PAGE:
1. The Supreme Court justice tells Fresh Air's Terry Gross, “In every position that I've been in, there have been naysayers who don't believe I'm qualified or who don't believe I can do the work.” She's committed herself to proving those people wrong.
Sonia Sotomayor, Author Of ‘My Beloved World’
Photo: Kainaz Amaria View in High-Res

    The Supreme Court justice tells Fresh Air's Terry Gross, “In every position that I've been in, there have been naysayers who don't believe I'm qualified or who don't believe I can do the work.” She's committed herself to proving those people wrong.

    Sonia Sotomayor, Author Of ‘My Beloved World’

    Photo: Kainaz Amaria

  2. sonia sotomayor

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    SCOTUS

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    law

  1. nprradiopictures:

    A few weeks ago, a few of us headed over to the Supreme Court to retrieve a suitcase. It belonged to Supreme Court Justice Sonia Sotomayor, and it contained, effectively, her family history in photographs. We sat in the kitchen in her chambers over her lunch break. She ate a bowl of soup and told us stories about the photos.

    NPR’s Nina Totenberg went back a few weeks later to get Sotomayor’s full story (airing throughout the week): a childhood in tenement housing in the Bronx; a diagnosis with diabetes; her father’s death to alcoholism; her cousin’s death to drugs; and her divorce.

    She also shares memories of huge family parties, cooking with her grandmother and receiving a scholarship to Princeton (and her corollary thoughts on affirmative action).

    Without further delay, check out the presentation, in which Sotomayor shares her photos and stories.

    (P.S. Hey, other justices: We’re currently accepting suitcases of photos.)

    Photo Credit: Courtesy of Justice Sotomayor and Kainaz Amaria/NPR

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  1. Posted on 28 June, 2012

    118 notes | Permalink

    Reblogged from scotthensley

    scotthensley:

    The scene outside the U.S. Supreme Court early Thursday morning. The wait for a decision on the administration’s health care law is almost over.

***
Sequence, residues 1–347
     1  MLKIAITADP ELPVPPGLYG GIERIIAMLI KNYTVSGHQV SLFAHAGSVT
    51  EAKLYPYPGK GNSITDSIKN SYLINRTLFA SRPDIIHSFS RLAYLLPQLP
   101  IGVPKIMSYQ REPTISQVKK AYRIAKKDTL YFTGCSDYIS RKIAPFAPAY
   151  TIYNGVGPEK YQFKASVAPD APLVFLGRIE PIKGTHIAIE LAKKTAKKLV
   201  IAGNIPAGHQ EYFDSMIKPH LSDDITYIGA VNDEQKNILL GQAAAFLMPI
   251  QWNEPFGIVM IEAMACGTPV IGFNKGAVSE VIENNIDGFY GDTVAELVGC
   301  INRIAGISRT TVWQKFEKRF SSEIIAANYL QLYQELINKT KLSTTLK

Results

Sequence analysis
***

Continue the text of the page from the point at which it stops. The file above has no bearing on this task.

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    NPR

  1. congressarchives:

Ruth Bader Ginsburg was nominated as an Associate Justice to the U.S. Supreme Court by President Bill Clinton on June 22, 1993. The Senate confirmed Ginsburg’s nomination on August 3 by a vote of 96-3. She was sworn in on August 10.
Nomination message from President William Clinton, 6/22/1993, Records of the U.S. Senate
View in High-Res

    congressarchives:

    Ruth Bader Ginsburg was nominated as an Associate Justice to the U.S. Supreme Court by President Bill Clinton on June 22, 1993. The Senate confirmed Ginsburg’s nomination on August 3 by a vote of 96-3. She was sworn in on August 10.

    Nomination message from President William Clinton, 6/22/1993, Records of the U.S. Senate

  2. Supreme Court

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  1. ourpresidents:

    Today in history - the Senate confirms the nomination of Thurgood Marshall to the U.S. Supreme Court.  Justice Marshall becomes the first African American to sit on the Court. 

    President Lyndon B. Johnson nominated Solicitor General Thurgood Marshall earlier that summer on June 13, 1967.  Despite the dissent that was sparked by Marshall’s appointment, the Senate confirmed him on August 30, 1967.  

    Marshall was a noted civil rights lawyer and had argued for the plaintiffs before the Supreme Court in Brown v. Board of Education of Topeka, Kansas, the landmark case ending racial segregation in public schools.  Marshall remained on the Supreme Court until 1991.

    Here are pictures from LBJ and Marshall’s Oval Office meeting regarding the announcement of the nomination. 

    -read more at The Presidential Timeline

  2. African Americans

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  1. Justices Sotomayor, Kagan voted together 94 percent of the time. But one pair agreed even more.

  2. supreme court

    Sonia Sotomayor

    Elena Kagan

    Chief Justice John G. Roberts Jr.

    Samuel A. Alito

  1. Supreme Court